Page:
Lufthansa’s accounts are back in the green. A first since the Covid-19 pandemic. The leading European air transport group forecasts operating profit of at least 500 million euros for 2022, against an average analyst forecast of 569 million euros. Rivals Air France-KLM and IAG, owner of British Airways, also announced a return to second-quarter profits last week, driven by the recovery in demand and the end of travel restrictions linked to the COVID-19 pandemic. 19.
Strong demand in air freight
This recovery is driven by strong demand for air freight which enabled the German carrier to achieve its first net profit in two years in the second quarter. Lufthansa thus posted an adjusted profit before interest and taxes (Ebit) of 393 million euros for the three months until the end of June, thanks to this strong recovery in the transport of goods by air, the group said. Benefiting in the second quarter from demand and still high prices in freight transport, its cargo branch generated 482 million euros in operating profit in the second quarter, up year-on-year, obtaining an operating profit of almost 1 billion in the first half. Its technical subsidiary generated 100 million euros in the second quarter.
” The Lufthansa Group is back in the green “, welcomed the patron, Carsten Spohr, in a press release. ” It is now a matter of continuing to stabilize operations. »
Persistent difficulties in the transport of passengers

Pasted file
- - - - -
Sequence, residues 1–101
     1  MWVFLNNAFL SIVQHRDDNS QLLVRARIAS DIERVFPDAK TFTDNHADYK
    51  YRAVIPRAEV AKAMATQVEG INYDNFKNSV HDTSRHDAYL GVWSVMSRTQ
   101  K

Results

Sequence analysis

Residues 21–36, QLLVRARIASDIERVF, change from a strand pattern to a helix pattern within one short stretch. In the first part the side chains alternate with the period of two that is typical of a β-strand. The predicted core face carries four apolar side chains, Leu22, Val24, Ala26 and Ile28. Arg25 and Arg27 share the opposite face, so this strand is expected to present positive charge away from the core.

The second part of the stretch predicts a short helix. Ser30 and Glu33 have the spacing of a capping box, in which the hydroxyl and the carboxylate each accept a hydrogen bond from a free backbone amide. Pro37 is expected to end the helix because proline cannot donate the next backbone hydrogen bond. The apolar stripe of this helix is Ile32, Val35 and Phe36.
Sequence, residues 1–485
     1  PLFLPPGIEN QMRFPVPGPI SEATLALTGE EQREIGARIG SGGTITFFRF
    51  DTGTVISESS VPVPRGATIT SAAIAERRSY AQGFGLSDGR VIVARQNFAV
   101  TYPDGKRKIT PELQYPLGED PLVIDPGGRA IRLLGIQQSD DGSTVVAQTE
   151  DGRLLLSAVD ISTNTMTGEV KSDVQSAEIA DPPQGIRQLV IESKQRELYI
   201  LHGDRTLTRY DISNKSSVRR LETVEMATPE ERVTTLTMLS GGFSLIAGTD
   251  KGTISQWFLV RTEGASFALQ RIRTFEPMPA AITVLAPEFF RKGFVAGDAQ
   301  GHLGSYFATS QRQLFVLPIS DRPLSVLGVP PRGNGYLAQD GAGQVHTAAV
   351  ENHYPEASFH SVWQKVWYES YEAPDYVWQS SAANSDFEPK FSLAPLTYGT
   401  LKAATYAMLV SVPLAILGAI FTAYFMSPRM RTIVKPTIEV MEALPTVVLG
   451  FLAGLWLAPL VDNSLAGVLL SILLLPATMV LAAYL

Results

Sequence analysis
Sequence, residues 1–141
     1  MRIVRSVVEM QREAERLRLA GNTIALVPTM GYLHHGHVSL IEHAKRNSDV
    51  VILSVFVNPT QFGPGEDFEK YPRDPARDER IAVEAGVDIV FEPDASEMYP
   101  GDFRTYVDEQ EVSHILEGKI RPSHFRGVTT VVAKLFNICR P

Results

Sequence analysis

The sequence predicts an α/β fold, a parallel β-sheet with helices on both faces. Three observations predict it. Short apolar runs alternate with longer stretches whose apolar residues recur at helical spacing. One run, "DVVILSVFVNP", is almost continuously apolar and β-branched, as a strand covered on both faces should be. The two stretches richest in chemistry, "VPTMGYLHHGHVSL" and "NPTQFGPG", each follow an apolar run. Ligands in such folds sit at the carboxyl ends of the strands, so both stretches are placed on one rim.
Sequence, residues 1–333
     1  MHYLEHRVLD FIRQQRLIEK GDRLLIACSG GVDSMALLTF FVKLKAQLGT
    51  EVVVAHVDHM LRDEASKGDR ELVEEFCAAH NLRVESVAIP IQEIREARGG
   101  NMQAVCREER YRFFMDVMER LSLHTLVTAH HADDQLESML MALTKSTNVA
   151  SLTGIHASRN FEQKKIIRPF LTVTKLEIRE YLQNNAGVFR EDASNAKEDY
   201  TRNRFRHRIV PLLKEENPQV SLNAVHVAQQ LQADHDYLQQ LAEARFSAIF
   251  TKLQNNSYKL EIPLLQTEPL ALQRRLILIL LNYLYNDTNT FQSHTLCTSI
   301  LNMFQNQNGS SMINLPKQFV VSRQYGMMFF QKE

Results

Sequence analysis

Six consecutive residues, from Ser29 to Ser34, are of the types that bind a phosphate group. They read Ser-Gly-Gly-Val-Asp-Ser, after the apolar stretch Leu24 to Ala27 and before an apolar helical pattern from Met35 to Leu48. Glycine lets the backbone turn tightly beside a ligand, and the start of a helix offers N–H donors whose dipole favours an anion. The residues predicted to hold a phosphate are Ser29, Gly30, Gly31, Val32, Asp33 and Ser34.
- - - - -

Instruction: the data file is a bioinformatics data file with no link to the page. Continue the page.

On the other hand, the passenger transport activity recorded a loss. The result of the group’s airlines – Lufthansa, Austrian, Swiss, Eurowings and Brussels Airlines – remains in the red. Accounts are weighed down by airport disruptions and staff shortages. In detail, the passenger business recorded an operating loss of 86 million euros in the second quarter, compared to 1.2 billion in 2021. However, this loss was less significant than the 228 million euros forecast by the analysts. Between April and June, cancellations and delays cost 158 million euros. Over the first six months, airlines remain in the red by 1.2 billion euros in total, with only Switzerland having made a meager operating profit of 45 million.
The airline group, which, like other European companies, canceled thousands of flights this summer in the face of the disorder that has spread to airports, has also slightly lowered its traffic expectations in the third quarter, which promises to be more complicated. The airline company said it would only operate at around 80% of its pre-health crisis capacity in the third quarter, less than expected, amid staff shortages. The group, which has cut more than 30,000 jobs since 2020, however plans to hire 5,000 people in the second half.
The aviation sector, particularly in Europe, is struggling to cope with the rapid rebound in demand, which has led to huge queues at many airports, as well as last-minute cancellations due to lack of staff. Lufthansa was thus faced with a one-day strike by its ground staff at the end of July, leading to the almost total cessation of operations at its two main airports, Frankfurt and Munich.
(With AFP and Reuters)